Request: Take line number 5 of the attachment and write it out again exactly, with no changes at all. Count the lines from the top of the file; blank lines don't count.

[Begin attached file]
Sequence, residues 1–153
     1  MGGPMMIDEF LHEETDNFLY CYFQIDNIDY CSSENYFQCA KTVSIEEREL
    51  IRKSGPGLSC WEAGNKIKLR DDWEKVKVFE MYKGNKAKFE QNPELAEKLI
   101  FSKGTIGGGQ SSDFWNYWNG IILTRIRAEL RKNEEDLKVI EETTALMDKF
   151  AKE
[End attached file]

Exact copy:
   151  AKE